Creditors reject Greenberg's latest offer

Leave a comment

Chuck Greenberg keeps telling everyone who will listen that there’s nothing to worry about, the sale of the Rangers will close by April 1, and all will be happy and sunshine. Events on the ground, however, continue to make such a scenario less and less likely. According to Daniel Kaplan of Sports Business Daily:

Hicks Sports Group creditors late last week again turned down terms for the
sale of the Rangers, continuing to throw into question when the ballclub will
be sold, sources said.

To review, under terms of the initial deal, the creditors were to get $230 million in cash. They want $300 million and have at least claimed that they’d throw the team into bankruptcy court in order to get it.  Now, to be fair, the odds of actually collecting that amount in bankruptcy court are rather small, and that’s before you even figure in the legal fees and hassle. But that’s the posture anyway, and each time Greenberg has attempted to get the deal done, they’ve said no dice.

Last week’s back and forth had Greenberg upping the offer to $240 million or $275 million depending on who you believe (the $275 million figure was supposed to contain deferred money).  $30-$60 million ain’t hay, so it’s not like you can expect the creditors to simply say “ah, screw it, let’s just round down” any more than you can expect Greenberg to simply say “ah screw it, I’ll just write you a check to get it done.”

This doesn’t mean Greenberg doesn’t end up with the Rangers at some point. It does, however, yet again, render the rosy “every little thing gonna be alright” jazz he’s been peddling since December increasingly silly.  Deals of this size get derailed over far less than $60 million, and even if they end up going through, a difference in that amount can utterly destroy the timeline.

Upshot: there’s a very real possibility that the Rangers may spend another season, or at least a good chunk of it, in the same kind of financial limbo they were in last year. A year in which they had to beg MLB for loans.

Astros’ bullpen throws combined one-hitter for MLB-best 30th win

Bob Levey/Getty Images
Leave a comment

The Astros’ bullpen did yeoman’s work in place of the injured Dallas Keuchel on Monday against the Tigers. Keuchel is temporarily sidelined with a pinched nerve in his neck.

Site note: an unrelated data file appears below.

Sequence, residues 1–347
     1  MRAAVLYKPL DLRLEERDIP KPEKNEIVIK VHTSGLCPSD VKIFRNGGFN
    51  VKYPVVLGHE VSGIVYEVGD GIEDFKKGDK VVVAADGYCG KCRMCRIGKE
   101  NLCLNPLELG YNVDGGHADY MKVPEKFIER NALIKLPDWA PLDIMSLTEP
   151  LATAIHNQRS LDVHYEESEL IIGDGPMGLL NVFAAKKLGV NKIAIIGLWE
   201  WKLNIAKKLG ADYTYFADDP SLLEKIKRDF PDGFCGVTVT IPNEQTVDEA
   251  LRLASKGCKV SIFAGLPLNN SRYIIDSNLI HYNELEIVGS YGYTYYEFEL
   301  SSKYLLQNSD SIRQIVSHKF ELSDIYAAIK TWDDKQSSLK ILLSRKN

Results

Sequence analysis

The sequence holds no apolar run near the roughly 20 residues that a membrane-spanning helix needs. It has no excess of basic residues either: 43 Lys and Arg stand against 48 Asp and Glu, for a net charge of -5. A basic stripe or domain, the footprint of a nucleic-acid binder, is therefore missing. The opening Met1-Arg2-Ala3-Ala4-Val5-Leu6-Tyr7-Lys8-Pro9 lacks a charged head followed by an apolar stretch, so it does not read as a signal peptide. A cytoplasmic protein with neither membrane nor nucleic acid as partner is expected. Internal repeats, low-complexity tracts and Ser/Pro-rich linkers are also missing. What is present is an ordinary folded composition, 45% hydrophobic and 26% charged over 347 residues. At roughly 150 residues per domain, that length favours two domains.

Brad Peacock made the spot start, limiting the Tigers to one hit and two walks with eight strikeouts over 4 1/3 innings. Chris Devenski took over with one out in the fifth, finishing out that inning as well as the sixth and seventh, facing the minimum. Will Harris pitched a perfect eighth and Ken Giles closed out the 1-0 victory in the ninth. Devenski, Harris, and Giles each had two strikeouts.

The Astros scored their only run in the bottom of the first inning as George Springer drew a leadoff walk, then scored on Jose Altuve‘s one-out double. Tigers starter Brad Fulmer pitched well enough to win on most days, giving up the lone run in seven frames.

After Monday’s win, the Astros became the first team to reach 30 wins, sitting on a 30-15 record. With a +55 run differential, even their expected record matches up with their actual record.

Brandon Phillips hit his 200th career home run

Justin K. Aller/Getty Images
Leave a comment

Braves second baseman Brandon Phillips became the 337th player in baseball history to hit 200 career home runs, driving a solo home run to left-center field during Monday night’s home game against the Pirates. Phillips is the 14th second baseman (who played a min. of 75 percent of his career games at the position) to rack up at least 200 career home runs.

Phillips, 35, entered Monday’s action batting .290/.345/.405 with two home runs and 12 RBI in 142 plate appearances. If he’s anything, he’s consistent, as he finished with an adjusted OPS between 90-99 (100 is average) every year between 2012-16 and it was sitting at 97 coming into Monday.